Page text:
For those familiar with Dragon Age, you’ll be right at home with the gameplay. Dumping the usual point and click affair for a mostly action-oriented set up, the game has you moving with the joystick and attacking with an assortment of buttons on the control pad. Almost everything is used in some regard, from the face buttons to the triggers, to the point where it may take some getting used to. This is especially noticeable when pressing the L1 button, as it gives you a whole new set of actions to choose from. Once you do master the control scheme, it seems quite natural. Though, finding a good way to balance the button combinations isn’t the only thing that’ll be your responsibility, you also have to aim your attacks. The reticle on screen gives you a good idea on where your attacks will land, and while the game is generous, it is still possible to completely whiff your attacks and lose several precious seconds against your enemies if you are completely off mark. It’s not exactly throwing oddly shaped dice and hoping you’ll hit, but the gameplay gets the job done.
While hostile NPCs are the main threat, they aren’t the only dangerous thing in Neverwinter. There are several traps that can inflict injuries to your character and if you don’t have an injury kit to heal them, you’re forced to suffer from their debilitating effects. Depending on where the character is hurt, they can suffer anything from reduced damage to an increased cooldown time. Thankfully, with an attentive eye to your surroundings, they are largely avoidable. Whether it is a slit in the floor, an oddly shaped tile, or even a hole in the wall, each of the little, but deadly, inconsistencies in the dungeon’s design is a clue to a trap. Of course, it may take several tries before they can all be avoided, but it is rewarding to do so. The only real problem with injuries is that it takes about three minutes near a campsite to fully heal if you don’t have an injury kit or don’t care to waste one. Though, waiting around is pretty standard experience in MMOs from what I can gather.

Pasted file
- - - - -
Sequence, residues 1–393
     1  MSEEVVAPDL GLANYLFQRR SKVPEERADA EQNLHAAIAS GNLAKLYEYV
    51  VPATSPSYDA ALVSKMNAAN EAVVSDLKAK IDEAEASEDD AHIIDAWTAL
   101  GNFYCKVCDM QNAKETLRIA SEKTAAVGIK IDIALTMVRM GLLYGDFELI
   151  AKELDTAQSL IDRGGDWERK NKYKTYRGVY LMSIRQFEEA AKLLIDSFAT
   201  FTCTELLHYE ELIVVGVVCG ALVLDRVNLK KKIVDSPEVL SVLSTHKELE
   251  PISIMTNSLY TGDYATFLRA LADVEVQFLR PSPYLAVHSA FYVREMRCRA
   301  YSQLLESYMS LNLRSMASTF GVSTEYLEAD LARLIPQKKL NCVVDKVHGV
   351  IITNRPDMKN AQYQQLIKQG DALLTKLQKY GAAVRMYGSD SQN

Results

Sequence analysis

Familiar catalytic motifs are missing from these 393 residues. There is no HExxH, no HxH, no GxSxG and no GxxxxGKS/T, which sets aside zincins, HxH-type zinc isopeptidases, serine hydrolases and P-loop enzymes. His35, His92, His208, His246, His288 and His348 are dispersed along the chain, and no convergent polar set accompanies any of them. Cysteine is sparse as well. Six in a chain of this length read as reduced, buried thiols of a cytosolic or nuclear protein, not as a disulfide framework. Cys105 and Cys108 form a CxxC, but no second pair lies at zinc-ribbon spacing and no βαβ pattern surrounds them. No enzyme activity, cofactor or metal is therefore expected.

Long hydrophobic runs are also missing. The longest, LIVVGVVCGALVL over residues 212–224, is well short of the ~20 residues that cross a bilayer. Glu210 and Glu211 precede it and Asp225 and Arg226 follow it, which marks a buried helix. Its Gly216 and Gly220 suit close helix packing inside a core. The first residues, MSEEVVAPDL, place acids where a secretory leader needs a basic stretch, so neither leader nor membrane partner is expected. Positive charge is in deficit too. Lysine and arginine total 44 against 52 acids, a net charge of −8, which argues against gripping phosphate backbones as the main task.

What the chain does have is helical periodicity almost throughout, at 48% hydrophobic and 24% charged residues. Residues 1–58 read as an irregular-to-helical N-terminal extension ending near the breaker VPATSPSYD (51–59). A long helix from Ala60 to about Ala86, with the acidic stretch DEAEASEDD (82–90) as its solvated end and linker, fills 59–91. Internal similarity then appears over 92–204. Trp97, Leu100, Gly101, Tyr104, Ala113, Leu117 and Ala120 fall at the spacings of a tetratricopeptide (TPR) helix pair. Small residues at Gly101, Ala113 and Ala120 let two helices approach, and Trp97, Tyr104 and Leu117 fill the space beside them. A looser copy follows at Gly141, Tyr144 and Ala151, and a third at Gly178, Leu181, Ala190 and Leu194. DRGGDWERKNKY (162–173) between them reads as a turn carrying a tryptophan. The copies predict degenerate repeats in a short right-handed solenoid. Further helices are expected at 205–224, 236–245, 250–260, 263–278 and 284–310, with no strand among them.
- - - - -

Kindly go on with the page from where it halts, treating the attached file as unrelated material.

Lastly, the graphics aren’t all that great. Neverwinter is a three-year-old game and, even at the time, it wasn’t all that graphically impressive. It doesn’t possess the same quality or attention to detail of more high-budget titles but it also doesn’t really detract from the gameplay. Sure, the faces aren’t as detailed, and the glittery dust that leads you to your next mission isn’t as shiny (Kudos though! Made it much easier for a MMO newbie like me to find each mission.), but you’ll probably be too busy killing things to even care. The graphics are serviceable but not impressive.
Even if Neverwinter isn’t heads above the rest when it comes to being an MMO, it is still a fine translation of Dungeons and Dragons to an MMORPG. Many of what D&D players love are represented here in some way, shape or form. Even players that are unfamiliar with D&D can have fun in the world and with the action-oriented combat. Even without the snacks and rules lawyers, Neverwinter is still a fine game and Dungeon and Dragons experience.
When not spreading his Dungeons and Dragons addiction as Unnamedhero, Eduardo Luquin can be reached at Unnamedheromk13@gmail.com.